Human Limits

Exploring performance and health with Michael J. Joyner, M.D.

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Health Care Costs:

It has been a while since I did a post on big picture issues related to health care in the U.S. In the last couple of months several ideas or perhaps rescue fantasies have emerged or perhaps re-emerged and I want to go over them.


1)  Lack of Price Transparency

In the U.S. prices for various medical procedures are convoluted, idiosyncratic and extremely hard for even the experts to understand.   A recent NY Times article on the costs of having a baby in the U.S. highlights many of these issues.   Because there is no obvious rack rate and prices are not posted by most medical providers, some employers are essentially capping what they will pay for a given procedure or service.   Along these lines, my bet is that there is going to be a big price transparency movement, more so-called bundled payments, and that the regulators will play a role in this.   The important thing to remember is that what people and insurance plans actually pay typically has little relationship to what the list price is if you can find it.   The other point here is that even if prices are more transparent it might not do that much to lower overall medical care costs which are driven in large part by utilization of services.  I am all for more transparency, but it is not going to solve the cost problem.  It is also interesting to note the late physician turned science fiction writer Michael Crichton raised many of these issues in a long article in the Atlantic published in 1970!


2)  Rising Costs: a Problem Everywhere

The next point I want to make is that rising prices are a problem in almost all rich countries and a number of developing countries.   Many of these countries have strict price controls and essentially government run programs.  So thinking that there is some magical intervention “the government” can or should do to fix the problem is simplistic at best.  My bet is that Obamacare will struggle to contain costs.  The real drivers of rising costs are likely the aging population and advances in technology.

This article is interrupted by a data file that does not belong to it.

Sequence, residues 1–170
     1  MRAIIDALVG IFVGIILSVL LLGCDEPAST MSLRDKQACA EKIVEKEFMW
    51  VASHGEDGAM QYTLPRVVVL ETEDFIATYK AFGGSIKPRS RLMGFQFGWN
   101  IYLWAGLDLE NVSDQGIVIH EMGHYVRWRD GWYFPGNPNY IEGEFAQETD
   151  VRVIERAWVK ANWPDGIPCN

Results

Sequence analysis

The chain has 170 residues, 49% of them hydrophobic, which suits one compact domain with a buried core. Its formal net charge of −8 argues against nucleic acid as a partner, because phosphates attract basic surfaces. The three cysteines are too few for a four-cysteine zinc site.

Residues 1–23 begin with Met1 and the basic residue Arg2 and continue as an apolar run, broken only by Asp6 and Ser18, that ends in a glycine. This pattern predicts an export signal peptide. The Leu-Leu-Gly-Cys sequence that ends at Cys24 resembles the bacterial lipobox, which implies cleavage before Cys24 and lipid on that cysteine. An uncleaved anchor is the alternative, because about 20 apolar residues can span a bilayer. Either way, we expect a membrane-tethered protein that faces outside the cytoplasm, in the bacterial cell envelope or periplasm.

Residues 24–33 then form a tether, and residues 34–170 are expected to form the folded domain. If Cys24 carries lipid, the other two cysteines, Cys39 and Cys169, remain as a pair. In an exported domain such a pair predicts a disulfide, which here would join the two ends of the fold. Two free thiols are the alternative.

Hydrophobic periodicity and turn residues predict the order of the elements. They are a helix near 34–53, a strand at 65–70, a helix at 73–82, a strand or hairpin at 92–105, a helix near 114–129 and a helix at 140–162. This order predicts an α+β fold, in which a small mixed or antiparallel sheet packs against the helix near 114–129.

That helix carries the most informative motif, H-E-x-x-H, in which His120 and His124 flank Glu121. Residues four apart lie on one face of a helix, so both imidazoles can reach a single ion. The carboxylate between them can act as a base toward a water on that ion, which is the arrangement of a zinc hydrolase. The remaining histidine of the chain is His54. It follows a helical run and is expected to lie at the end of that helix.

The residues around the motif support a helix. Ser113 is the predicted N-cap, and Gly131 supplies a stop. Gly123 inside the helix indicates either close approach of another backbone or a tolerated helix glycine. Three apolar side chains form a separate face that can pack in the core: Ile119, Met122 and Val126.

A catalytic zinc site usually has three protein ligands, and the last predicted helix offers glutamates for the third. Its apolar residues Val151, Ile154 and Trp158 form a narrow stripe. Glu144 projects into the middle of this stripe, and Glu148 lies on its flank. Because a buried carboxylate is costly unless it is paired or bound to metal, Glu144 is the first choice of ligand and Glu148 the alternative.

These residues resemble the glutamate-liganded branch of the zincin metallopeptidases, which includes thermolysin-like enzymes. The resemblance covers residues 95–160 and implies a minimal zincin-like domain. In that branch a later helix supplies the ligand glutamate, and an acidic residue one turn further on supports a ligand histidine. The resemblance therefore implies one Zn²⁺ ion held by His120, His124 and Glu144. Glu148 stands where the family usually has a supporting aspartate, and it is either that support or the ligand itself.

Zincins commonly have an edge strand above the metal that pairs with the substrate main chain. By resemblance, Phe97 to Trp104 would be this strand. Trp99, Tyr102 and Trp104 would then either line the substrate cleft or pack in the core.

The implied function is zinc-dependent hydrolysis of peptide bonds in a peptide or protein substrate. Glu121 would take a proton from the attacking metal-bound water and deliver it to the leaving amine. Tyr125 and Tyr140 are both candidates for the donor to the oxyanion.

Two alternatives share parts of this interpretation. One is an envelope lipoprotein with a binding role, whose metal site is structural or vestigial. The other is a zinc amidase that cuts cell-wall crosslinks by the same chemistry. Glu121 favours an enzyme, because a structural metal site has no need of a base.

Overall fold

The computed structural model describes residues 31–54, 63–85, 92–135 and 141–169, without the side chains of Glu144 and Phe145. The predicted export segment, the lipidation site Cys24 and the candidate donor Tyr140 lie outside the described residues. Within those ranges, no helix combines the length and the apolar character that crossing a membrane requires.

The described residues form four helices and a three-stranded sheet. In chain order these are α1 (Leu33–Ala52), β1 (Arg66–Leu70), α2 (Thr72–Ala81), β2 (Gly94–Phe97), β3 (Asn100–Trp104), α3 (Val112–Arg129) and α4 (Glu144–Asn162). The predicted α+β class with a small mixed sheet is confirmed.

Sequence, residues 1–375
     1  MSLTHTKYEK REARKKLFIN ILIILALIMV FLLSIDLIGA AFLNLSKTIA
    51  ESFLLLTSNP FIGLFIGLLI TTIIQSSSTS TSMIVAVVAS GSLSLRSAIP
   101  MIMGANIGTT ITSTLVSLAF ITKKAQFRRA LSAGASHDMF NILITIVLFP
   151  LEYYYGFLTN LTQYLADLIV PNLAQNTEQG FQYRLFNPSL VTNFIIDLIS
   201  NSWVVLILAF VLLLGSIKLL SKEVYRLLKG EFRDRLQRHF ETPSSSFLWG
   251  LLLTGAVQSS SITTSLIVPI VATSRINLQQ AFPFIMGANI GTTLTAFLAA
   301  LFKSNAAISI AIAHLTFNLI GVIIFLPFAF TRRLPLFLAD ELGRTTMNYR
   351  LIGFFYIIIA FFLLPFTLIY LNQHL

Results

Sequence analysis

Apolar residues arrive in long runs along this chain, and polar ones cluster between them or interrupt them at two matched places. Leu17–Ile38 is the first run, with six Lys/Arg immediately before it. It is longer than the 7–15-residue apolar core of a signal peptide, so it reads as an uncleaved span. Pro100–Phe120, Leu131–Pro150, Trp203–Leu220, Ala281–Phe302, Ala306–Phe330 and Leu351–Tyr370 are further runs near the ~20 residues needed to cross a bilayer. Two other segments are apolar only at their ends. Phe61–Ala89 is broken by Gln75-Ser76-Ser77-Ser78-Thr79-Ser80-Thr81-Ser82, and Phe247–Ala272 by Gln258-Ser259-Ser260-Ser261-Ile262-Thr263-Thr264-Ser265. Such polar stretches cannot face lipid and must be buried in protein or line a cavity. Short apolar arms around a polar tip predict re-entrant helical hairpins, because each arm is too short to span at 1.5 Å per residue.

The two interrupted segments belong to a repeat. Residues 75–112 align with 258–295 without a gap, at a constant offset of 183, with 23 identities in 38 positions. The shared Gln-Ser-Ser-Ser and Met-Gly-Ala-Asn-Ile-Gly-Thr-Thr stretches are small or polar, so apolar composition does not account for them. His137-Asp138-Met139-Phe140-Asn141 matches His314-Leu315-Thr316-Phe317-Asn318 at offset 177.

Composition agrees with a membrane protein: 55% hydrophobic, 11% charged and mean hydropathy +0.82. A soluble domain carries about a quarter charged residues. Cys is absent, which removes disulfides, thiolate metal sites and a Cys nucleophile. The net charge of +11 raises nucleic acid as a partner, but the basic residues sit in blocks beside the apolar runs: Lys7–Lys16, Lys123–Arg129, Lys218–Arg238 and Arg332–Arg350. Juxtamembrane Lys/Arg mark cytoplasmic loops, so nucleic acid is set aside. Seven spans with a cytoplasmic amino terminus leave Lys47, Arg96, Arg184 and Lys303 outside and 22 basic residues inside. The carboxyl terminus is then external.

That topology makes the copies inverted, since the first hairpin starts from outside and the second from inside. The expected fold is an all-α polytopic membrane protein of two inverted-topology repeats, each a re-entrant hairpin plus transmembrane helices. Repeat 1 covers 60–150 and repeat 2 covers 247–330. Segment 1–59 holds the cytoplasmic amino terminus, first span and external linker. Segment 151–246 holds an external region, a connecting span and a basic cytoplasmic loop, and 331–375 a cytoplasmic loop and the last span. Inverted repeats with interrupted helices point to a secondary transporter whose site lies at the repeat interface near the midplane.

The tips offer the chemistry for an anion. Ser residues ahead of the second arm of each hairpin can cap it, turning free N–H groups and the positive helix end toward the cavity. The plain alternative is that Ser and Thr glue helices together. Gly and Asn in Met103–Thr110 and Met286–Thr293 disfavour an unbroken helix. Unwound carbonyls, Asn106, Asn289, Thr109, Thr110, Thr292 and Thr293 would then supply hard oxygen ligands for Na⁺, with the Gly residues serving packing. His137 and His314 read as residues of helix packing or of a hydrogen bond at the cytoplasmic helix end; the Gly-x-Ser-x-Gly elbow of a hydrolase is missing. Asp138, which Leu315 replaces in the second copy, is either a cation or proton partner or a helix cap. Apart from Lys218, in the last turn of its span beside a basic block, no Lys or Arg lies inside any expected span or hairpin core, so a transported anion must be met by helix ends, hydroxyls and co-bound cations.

3)  The Recent Slowing of Health Care Spending Growth

The rate of growth of health care spending has slowed recently.   If this trend continues it has all sorts of implications for things like the U.S. Federal budget.  However, I would urge caution in assuming that this trend will last forever.   In past economic slowdowns there has also been a slowing of medical care spending growth followed by a rebound when the economy picked up.  As I pointed out above no government in the developed world has effectively dealt with this issue over the long run, the population is still aging, and technology marches on.


4)  Denial & Practice Variation

The current focus on price transparency and the recent slowing of spending growth are major distractions away from at least one major issue that might tend to reduce the rise in spending over time.  That issue is the tremendous regional variation in the use of health care services in the U.S. and the lack of relationship between a number of markers of utilization and outcomes.  Some argue that 30% of Medicare spending does not contribute to improved patient outcomes and is thus “wasted”.  The figure below is a bit dated but still relevant and generally accurate.  It shows a range of estimated savings for Medicare if all 50 States had utilization rates and practice patterns similar to the five most efficient States.  Numbers in these general ranges likely apply to health care spending as a whole.




There are a number of ideas out there about how to deal with this issue, but they are likely to be challenging to implement.


5)  Rent Seeking & Why This is Hard to Fix

Almost 18% percent of the GDP is spent on health care in the U.S.  Almost 50% of this spending comes from the government in terms of either programs like Medicare or Medicaid, the VA, or Indian Health Service.  Additional government spending is due to insurance provided to government workers at the Federal, State, and Local levels.   There are also significant government subsidies for health care spending via the tax code.  So, in one form or another “the government” probably covers 60-70% of medical costs in the U.S.  As a result there is a huge and diverse group of vested interests angling for either maintaining or expanding their piece of this economic pie via what might be characterized as ‘rent seeking’ behavior:


“… is an attempt to obtain economic rent by manipulating the social or political environment in which economic activities occur……”



Dealing with the high cost of health care in the U.S. is going to take more than price transparency and don’t bet the farm that current moderation of rising costs is going to last forever.   The 800 pound Gorilla in the basement is utilization which, given the aging population, ever more technology, and economic incentives to over utilize, will be very difficult to contain. 


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